Ventriloquism is a strange art form. It’s part acting, part puppetry, part stand-up comedy. It’s vaudevillian in nature and therefore it feels old-fashioned. Yet contemporary ventriloquism is alive and well. The documentary “I’m No Dummy” explores the world of ventriloquism, both past and present, in an engaging enough way that you are sucked into the film, even if you are never sold on the act itself.
Now, I admit that I can be a bit of a Grumpy Guss. I hate magicians. If they were really magic that would be one thing, but the slight-of-hand doesn’t impress me. I’m not afraid of clowns, but I find them annoying and not the least bit funny. (Krusty the Clown is an exception. Do satires count?) Ventriloquism had always seemed to me akin to those professions. But I must confess that “I’m No Dummy” changed my mind. I’m not going to run right out to buy a doll and practice singing whilst drinking water, but there is definitely some art happening here and some of it is downright impressive.
“I’m No Dummy” begins by defining the subject and giving it some context. The filmmakers interview several working ventriloquists (and, of course, their dummies) and ask them to
define “ventriloquism”. The answers range from the technical (“a monologue perceived as a dialogue”) to the existential (“different sides of a personality”). It’s clear they’ve all thought a lot about this. No one entered into this world lightly and they are in it for the long haul. In fact, all of them began their careers as children. One of them was an only child. One had polio and spent a lot of time in bed. One suffered from acute dyslexia and admits he took to it because he wasn’t good at much else. It’s a goldmine for rudimentary psychoanalysis.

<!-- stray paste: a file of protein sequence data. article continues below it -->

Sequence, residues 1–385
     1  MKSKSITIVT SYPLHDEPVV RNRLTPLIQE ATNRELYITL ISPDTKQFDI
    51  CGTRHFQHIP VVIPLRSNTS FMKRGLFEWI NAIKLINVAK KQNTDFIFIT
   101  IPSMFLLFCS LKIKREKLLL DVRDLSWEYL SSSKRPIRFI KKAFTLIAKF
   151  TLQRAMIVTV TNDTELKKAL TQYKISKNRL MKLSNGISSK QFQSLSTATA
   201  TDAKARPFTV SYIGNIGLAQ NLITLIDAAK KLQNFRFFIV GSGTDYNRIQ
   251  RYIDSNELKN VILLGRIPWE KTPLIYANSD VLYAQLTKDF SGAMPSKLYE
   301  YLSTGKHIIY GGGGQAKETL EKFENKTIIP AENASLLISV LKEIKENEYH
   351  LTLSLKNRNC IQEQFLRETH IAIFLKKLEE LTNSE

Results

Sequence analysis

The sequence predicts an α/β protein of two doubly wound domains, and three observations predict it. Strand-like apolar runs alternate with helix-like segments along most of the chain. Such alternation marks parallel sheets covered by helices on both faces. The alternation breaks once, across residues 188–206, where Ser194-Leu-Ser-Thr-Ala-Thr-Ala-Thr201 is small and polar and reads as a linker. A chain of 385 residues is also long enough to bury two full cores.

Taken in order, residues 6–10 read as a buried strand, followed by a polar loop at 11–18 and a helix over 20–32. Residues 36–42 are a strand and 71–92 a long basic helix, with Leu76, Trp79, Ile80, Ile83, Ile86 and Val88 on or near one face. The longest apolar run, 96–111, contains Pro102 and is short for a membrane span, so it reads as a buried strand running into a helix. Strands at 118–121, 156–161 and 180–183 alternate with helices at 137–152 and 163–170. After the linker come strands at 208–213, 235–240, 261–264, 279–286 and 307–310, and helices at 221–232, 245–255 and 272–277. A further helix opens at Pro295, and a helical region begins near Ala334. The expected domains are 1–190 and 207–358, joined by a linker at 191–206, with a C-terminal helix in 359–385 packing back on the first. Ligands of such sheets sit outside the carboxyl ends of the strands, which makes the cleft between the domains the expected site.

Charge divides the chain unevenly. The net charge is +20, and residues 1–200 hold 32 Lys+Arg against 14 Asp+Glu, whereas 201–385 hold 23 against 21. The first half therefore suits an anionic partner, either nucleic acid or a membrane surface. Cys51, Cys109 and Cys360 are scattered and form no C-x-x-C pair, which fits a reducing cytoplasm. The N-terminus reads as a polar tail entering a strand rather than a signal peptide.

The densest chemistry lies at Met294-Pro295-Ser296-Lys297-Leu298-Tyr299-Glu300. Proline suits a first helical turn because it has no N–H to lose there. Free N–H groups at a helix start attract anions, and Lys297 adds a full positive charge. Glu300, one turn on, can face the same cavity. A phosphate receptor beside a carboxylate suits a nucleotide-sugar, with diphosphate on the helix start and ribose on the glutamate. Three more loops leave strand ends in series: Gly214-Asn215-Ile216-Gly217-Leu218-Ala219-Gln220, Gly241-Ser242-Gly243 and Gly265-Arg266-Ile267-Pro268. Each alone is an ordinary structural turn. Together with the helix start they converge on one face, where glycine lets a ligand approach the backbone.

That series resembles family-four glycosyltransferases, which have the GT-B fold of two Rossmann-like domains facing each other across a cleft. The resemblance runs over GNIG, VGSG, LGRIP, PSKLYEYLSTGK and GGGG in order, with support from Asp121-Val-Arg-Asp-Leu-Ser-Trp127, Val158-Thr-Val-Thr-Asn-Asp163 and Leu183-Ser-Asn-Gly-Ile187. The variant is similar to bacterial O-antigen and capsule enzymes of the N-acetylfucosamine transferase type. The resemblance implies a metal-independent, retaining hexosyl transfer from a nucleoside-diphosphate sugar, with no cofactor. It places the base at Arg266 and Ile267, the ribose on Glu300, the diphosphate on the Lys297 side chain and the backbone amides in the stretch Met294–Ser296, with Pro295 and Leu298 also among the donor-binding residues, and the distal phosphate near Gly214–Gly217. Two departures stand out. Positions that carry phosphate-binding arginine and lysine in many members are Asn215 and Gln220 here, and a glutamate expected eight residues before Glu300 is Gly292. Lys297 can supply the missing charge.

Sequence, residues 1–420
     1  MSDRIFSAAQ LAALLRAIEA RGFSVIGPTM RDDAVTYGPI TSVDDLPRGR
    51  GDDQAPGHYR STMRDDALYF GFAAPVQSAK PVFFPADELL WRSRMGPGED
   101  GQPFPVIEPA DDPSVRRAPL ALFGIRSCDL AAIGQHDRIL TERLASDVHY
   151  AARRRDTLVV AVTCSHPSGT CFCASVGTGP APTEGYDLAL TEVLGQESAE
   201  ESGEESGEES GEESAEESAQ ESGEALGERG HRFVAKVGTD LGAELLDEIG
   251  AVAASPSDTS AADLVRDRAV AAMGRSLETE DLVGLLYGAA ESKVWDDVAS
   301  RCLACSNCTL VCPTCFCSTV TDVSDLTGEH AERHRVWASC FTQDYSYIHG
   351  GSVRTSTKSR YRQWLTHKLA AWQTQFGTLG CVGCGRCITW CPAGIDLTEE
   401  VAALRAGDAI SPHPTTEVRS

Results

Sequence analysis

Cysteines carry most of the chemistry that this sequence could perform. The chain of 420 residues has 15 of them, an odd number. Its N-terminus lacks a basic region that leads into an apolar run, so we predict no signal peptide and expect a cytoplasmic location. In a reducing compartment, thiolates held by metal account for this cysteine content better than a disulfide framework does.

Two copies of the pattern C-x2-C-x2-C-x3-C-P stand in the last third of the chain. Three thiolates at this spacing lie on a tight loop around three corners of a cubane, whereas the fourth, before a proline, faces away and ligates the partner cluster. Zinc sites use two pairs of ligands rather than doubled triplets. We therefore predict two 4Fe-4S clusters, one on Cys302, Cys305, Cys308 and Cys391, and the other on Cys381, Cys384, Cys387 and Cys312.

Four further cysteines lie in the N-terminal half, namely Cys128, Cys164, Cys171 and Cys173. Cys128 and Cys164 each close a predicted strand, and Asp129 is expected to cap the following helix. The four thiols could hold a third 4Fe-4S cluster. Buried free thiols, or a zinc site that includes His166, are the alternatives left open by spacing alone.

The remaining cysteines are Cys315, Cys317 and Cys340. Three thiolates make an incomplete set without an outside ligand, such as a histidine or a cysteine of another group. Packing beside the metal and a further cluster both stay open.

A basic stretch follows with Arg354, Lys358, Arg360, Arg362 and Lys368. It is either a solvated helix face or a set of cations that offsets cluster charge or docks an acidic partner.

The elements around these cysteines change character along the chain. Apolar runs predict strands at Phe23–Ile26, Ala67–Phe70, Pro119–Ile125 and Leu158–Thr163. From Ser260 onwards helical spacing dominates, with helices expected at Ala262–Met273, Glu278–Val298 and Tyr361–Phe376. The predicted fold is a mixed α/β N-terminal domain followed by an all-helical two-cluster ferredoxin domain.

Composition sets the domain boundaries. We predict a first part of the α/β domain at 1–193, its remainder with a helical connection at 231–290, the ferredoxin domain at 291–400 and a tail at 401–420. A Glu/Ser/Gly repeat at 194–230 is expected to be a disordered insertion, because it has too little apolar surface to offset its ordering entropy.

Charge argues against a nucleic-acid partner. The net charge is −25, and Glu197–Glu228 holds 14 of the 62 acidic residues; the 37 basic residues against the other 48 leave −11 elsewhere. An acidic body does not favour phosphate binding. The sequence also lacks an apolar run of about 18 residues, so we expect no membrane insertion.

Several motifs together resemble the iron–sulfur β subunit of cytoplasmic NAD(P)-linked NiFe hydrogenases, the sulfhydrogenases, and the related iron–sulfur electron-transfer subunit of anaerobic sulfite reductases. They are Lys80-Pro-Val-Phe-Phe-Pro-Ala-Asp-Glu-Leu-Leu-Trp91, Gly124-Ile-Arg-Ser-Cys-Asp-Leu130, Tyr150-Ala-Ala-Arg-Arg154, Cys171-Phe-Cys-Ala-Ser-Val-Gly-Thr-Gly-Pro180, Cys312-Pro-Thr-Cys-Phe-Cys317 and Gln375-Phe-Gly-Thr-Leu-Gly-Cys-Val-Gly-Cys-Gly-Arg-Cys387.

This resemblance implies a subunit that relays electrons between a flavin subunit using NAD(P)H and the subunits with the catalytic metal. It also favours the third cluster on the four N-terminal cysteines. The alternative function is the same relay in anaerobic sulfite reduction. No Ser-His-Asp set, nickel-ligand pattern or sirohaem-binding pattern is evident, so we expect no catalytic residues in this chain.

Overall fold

And some of it is also pretty neat. I’m still not sold on the stand-up aspect. I like my stand-up a little more raw and/or political. But when they go into the history of it and show the early masters, it does get a little mind-blowing what some of these people can do. Senor Wences, one of the more famous “vents,” created his signature head-in-the-box “’salright – ‘salright” bit by accident when his figure’s head became detached from its body in transit. Paul Winchell performed an amazing act wherein he sang a duet with his gypsy dummy…that was playing the tambourine. He was doing the work of at least 3 men all by himself. He also hosted a children’s show and was extremely popular in his day. These days, his legend is overshadowed by Miley Cyrus.
Other early fellows profiled include Jimmy Nelson and Edgar Bergen. The filmmakers also interview and profile enthusiast W.S. Berger, who spent his life collecting ventriloquist memorabilia. He called himself a Ventriloquarian. Seemingly obscure or no, each of the hundreds of dummies in his collection once had a life in showbiz. One contemporary ventriloquist named Jeff Dunham pulls in 4000 people to one show. And some of them are teenagers.
The film concludes with theories about the future of ventriloquism. Some say it can be kept going through innovation and transcending the genre. Some say it’s a dying art. But one person suggests that art never dies. I guess that’s true because I’m off to go watch some old-timey entertainment on youtube.